The glass artist installed a Glass Pumpkin Show in the fields around his Laurelville, Ohio, studio, and drew 5,000 guests, selling out all of the pumpkins he had crafted for the event.
The Glass Pumpkin Show is back for a second round Sept. 24 to 26.
“Last year we did it later in the year, to replace the Circleville Pumpkin Show,” said Pine, 56, speaking by phone from his Laurelville studio.
This year, he will be back exhibiting and selling at the Circleville show, and he didn't want to compete with that.
“And we thought that it would be good to do it earlier, because people would then have their decorations for the fall,” he said.
'Pumpkin-of-the-year' among glass gourds at Ohio event
More than 2,000 hand-blown glass pumpkins will be for sale in the “pumpkin patch” on the studio's multi-acre site.
Among them will be the popular “pumpkin-of-the-year.”
“We've done a 'pumpkin-of-the-year' every year for the past 20 years, and it's really taken off the last 10 years or so. They have become a major collector item. We sell about 2,000 of them every season,” Pine said.
“Last year, it was a black pumpkin with a very black stem and a silver lining, to represent the very dark year that we had. This year, I decided to reverse it, so I did a white pumpkin with rainbow colors at the bottom of it.”
This year, Pine is donating 10% of the proceeds from the sales of the pumpkin-of-the-year to “Feed the Second Line,” a charity dedicated to helping artists and musicians affected by Hurricane Ida.
Glassblowing demonstrations, food, music also featured
In addition to browsing the pumpkins, visitors to the festival can watch glassblowers craft them. Pumpkin carver Gus Smithister will be on hand to carve a 600-pound pumpkin over the weekend, and those who would like the buy actual vegetables will have plenty to choose from in a patch supplied by a local grower.
Pumpkin rolls, ice cream and other food will be available, and live music will be playing through the festival, with acts including the Poverty String Band Trio and Frank Grasso.
Ten other artists will have work on sale, including Starfish Earth Clothing with clothes, bags and accessories; Colonial Wagon Wheel's metal art; Poff Studio's copper sculpture; and Ed Kitchen's watercolors.
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Tarlton native Jack Pine 'fell madly in love' with glass in Seattle
Pine grew up in nearby Tarlton, and then went to college at the Columbus College of Art & Design. From there, he moved to Seattle, and started working at a glass studio.
“I fell madly in love with the whole thing,” he said.
He moved to Colorado, where he set up a studio and lived for 17 years, and then, in 2006, moved to Columbus and had a studio in the Short North.
Five years ago, he found an old farm in Laurelville and set up a studio, where he now employs a crew of 14, including five skilled glassblowers.
“I always wanted to move down to the Hocking Hills, because this area is perfect for a studio. We've got wide-open spaces. I started a gallery selling my work and the work of other artists I know, and now we have over 30 different local artists,” he said.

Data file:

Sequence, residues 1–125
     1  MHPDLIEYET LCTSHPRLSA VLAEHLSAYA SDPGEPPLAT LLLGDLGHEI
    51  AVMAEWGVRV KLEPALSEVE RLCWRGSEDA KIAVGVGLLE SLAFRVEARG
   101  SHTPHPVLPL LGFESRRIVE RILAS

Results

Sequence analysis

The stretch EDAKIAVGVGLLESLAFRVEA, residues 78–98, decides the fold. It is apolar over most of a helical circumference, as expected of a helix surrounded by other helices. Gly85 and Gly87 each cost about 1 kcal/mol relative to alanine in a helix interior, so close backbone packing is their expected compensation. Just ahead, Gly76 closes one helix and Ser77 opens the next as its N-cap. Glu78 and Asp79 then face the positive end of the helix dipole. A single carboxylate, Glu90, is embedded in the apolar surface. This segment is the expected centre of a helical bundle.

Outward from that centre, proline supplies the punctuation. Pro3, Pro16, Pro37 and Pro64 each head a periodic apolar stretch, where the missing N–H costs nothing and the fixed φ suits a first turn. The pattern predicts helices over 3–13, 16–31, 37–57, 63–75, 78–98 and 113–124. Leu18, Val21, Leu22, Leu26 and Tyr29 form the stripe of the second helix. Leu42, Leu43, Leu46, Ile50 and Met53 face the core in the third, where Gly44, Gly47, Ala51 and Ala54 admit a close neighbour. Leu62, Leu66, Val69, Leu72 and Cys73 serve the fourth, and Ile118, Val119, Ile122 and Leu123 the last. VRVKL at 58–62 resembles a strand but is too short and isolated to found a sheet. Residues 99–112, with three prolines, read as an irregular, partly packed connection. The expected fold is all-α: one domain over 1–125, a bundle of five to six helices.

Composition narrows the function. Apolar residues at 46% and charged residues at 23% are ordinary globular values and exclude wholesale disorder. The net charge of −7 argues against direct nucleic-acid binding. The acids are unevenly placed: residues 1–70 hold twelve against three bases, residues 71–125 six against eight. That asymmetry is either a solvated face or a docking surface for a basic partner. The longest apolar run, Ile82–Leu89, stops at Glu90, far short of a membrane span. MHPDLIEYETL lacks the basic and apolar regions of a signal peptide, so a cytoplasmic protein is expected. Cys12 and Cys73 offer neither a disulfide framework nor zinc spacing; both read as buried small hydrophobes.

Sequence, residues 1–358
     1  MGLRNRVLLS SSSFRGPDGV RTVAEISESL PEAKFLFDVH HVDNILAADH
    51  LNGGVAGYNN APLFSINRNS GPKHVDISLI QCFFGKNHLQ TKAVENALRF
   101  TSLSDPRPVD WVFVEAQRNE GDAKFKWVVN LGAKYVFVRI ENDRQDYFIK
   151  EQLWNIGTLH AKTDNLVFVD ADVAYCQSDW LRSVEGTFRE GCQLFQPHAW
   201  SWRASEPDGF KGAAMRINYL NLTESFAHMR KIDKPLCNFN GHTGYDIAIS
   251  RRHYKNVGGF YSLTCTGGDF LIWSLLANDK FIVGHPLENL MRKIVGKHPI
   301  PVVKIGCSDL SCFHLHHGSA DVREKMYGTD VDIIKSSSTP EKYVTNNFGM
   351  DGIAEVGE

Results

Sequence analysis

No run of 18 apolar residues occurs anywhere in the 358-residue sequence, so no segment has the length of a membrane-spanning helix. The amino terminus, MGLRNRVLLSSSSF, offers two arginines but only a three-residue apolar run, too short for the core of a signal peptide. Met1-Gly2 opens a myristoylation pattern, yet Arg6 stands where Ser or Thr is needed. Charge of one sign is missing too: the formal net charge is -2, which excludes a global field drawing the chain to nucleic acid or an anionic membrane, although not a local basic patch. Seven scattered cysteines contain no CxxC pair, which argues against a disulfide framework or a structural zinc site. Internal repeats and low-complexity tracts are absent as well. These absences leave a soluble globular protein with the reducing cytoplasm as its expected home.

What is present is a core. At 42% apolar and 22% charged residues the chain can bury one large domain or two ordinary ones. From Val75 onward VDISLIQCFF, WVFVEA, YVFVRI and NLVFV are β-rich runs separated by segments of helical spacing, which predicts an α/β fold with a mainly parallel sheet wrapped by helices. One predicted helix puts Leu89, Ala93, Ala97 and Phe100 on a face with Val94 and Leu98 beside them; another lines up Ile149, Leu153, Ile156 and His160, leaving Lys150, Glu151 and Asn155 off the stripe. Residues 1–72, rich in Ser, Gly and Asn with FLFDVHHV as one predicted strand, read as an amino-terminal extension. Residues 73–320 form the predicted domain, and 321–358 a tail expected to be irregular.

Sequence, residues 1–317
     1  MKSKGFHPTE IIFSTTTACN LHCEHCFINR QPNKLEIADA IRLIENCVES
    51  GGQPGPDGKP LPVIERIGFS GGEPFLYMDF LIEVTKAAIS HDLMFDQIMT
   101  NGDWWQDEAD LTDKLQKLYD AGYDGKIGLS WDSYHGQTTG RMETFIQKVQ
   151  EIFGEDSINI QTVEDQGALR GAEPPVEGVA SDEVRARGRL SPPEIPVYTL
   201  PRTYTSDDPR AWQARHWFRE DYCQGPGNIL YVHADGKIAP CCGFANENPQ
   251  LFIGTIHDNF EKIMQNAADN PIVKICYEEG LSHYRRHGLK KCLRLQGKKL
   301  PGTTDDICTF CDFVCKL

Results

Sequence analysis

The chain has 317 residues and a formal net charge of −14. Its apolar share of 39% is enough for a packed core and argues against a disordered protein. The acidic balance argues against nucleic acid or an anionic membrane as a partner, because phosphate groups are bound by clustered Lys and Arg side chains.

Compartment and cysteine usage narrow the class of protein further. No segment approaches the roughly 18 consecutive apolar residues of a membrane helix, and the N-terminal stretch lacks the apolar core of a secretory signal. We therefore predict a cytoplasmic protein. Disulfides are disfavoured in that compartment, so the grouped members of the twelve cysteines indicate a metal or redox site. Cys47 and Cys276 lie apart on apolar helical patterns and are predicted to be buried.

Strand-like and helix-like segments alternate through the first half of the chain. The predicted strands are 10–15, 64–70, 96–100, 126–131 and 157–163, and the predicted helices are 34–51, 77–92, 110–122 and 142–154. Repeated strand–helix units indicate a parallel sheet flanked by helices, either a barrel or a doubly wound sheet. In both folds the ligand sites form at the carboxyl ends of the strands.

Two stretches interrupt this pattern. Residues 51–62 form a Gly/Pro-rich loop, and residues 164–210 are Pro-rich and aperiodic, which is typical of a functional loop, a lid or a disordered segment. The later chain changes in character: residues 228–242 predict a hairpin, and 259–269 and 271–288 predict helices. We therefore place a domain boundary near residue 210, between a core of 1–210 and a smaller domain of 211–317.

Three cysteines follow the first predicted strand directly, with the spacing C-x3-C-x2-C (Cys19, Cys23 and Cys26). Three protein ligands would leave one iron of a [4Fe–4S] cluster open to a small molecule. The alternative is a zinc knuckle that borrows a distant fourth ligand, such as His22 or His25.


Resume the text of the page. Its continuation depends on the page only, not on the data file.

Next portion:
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Pine's Laurelville studio open year-round
The studio is open year-round, with glassblowing demonstrations offered daily, so those who can't make it to the festival can still check it out.
"He can take something as simple as a pumpkin and make it look totally unique," said Hayley Deeter, who owns Hayley Gallery in New Albany, where Pine's work has been shown during the past year.
"The pumpkins look like they've been painted, but he doesn't use any paint. He uses metal to add dimension to the glass. A lot of people make glass pumpkins, but when you have one of his in the gallery, people say, Oh, that's a Jack Pine. His are just different. They're real works of art, but they're also affordable."
Adam Henry has been working as a glassblower at the Laurelville studio for two years.
"He's a visionary artist," Henry said of Pine. "His color technique is what really stands out for me. Most glassblowers focus on shape, and color is secondary to them. But he's spent 30 years developing a color palette."
For Pine, the works of art are a labor of love.
“Glass pumpkins are just whimsical and magical,” he said. “I'd venture to say that I've made well over a million glass pumpkins in my life. I still really enjoy what I do, and I love giving back to this community. It's a win-win.”
At a glance
The Glass Pumpkin Festival will take place from 10 a.m. to 6 p.m. Sept. 24-26 at 21397 Ohio Route 180, Laurelville. Reserved timed parking tickets, which are recommended, are available online for $5 per car. Only 75 guests will be admitted for each two-hour time slot. The $5 fee for the timed tickets will be deducted from the purchase price of any glass pumpkin. The festival will also have a non-reserved parking lot, with spaces as available. The fee for that is $5, which cannot be used toward the purchase of a pumpkin. Aside from the parking fee, admission to the festival is free. For more information, call 740-332-2223 or visit glasspumpkinfestival.com